Do rights begin at home?

After the success of last year’s Great Respect Debate, this year it’s all about affordable housing, which increasing numbers of older people are struggling to find.

By Stephen Easton

A free public debate in Melbourne this Thursday aims to start a frank and open public discussion about affordable housing by asking two teams to argue for and against the proposition, ‘Affordable housing is a right’.

Victorian aged care provider, Benetas, and the Melbourne Lord Mayor’s Charitable Foundation are jointly staging the event in Federation Square for the second year running after the success of last year’s debate which considered the statement, ‘Seniors must earn respect’.

This year the two charitable organisations are holding the Great Housing Debate, aiming to raise public awareness of the fact that homelessness does affect many elderly people, not just younger people and families.

Alan Gruner, manager of research and development at Benetas, said organisers were concerned at the increasing number of older people becoming homeless, and wanted to raise the profile of the issue. And Gruner, for one, is certainly not sitting on the fence.

“I think housing is a right,” Mr Gruner said. “It’s a basic need; it’s not just about shelter but also about connections between people in the community. Research has shown that housing, or lack of housing, is very closely aligned with health outcomes.

“What we want from the debate is to raise the profile of affordable housing for older people, and get the public thinking about the issue.”

Various government programs to address homelessness, Mr Gruner said, often ignored the plight of elderly homeless people as a specific group, and he hoped the debate would widen the terms of public discussion around socially supported housing.

“It’s often assumed older people own their own homes,” he said. “But we’re seeing more and more going into the rental market.”

He added that research was beginning to show a small but growing number of older people experiencing housing stress due to having retired with large amounts outstanding on mortgages, which they were unable to afford.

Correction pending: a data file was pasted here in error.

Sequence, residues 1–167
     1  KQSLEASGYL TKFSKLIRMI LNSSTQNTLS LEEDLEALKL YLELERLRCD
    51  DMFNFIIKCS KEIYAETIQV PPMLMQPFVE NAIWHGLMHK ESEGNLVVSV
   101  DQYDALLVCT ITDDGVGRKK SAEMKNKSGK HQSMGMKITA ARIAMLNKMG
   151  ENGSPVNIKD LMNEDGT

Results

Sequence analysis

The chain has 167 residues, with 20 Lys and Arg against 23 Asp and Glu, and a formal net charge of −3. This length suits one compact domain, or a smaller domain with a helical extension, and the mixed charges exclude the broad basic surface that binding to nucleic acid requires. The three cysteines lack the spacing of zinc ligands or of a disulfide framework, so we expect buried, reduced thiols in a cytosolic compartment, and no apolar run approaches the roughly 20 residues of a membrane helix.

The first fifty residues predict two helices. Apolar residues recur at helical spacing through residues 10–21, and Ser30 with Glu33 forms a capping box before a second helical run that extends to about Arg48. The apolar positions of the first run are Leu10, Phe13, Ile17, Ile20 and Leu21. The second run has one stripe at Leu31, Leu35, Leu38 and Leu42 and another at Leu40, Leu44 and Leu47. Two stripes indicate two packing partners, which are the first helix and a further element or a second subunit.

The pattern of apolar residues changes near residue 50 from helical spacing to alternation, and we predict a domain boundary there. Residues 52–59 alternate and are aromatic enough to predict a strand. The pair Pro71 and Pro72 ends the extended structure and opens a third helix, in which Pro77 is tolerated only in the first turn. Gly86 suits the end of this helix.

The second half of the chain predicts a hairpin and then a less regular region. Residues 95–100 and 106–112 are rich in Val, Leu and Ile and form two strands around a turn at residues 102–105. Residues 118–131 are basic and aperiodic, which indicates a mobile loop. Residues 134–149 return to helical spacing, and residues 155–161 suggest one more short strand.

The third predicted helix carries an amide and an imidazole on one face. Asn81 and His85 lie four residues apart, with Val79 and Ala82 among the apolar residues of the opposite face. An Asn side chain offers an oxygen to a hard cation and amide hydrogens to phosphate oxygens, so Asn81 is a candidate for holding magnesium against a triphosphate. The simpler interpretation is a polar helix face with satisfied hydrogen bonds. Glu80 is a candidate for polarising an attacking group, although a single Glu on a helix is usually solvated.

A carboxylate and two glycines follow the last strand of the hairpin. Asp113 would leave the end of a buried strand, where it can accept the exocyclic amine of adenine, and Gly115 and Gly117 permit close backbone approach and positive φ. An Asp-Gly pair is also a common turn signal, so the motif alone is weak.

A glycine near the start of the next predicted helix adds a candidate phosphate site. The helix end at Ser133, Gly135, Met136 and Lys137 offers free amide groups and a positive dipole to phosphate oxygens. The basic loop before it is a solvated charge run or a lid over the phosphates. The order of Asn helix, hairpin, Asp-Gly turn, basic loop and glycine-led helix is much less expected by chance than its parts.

Mr Gruner agreed it was likely the negative team’s argument would place more emphasis on individuals looking after themselves.

“I’m not exactly sure what they’ve got in mind, but I imagine the other side will be saying there should be more individual responsibility, and that if people don’t save for the future, then that’s tough luck,” he said.

Statistics from the Australian Housing and Research Institute (AHURI) show that 112,000 households headed by a person over 70 were in housing stress compared with 56,000 households in 2004. On census night in 2006, over 18,000 people over the age of 55 were homeless. 

“The cost of buying, or even renting a house is a huge topic of concern for many Australians,” Benetas CEO Sandra Hills said . “It comes during a time when we’re seeing people become increasingly hesitant to down-size or sell their homes as they reach retirement or move into aged care. 

“We’re excited to host this event, particularly after the success of last year’s Great Respect Debate.”

The Great Housing Debate will be hosted by Pete Smith from Channel Nine and adjudicated by Farah Farouque, law and justice editor at The Age.

It will be held at 11am this Thursday, 6 October at BMW Edge, Federation Square. Free tickets can be booked by visiting or calling 03 8823 7998.

Debaters include:

Rod Quantock, comedian

Pat Sparrow, director of aged care reform engagement, COTA

Bill Kusznirczuk, urban planning expert, 3AW radio

Tony Keenan, CEO, Hanover Welfare Services

Wesa Chau, Victorian Young Australian of the Year 2010

Tyrone Connell, Victorian Schools Debating Team

Tags: affordable-housing, ahuri, benetas, debate, homelessness, housing, housing-policy, melbourne,

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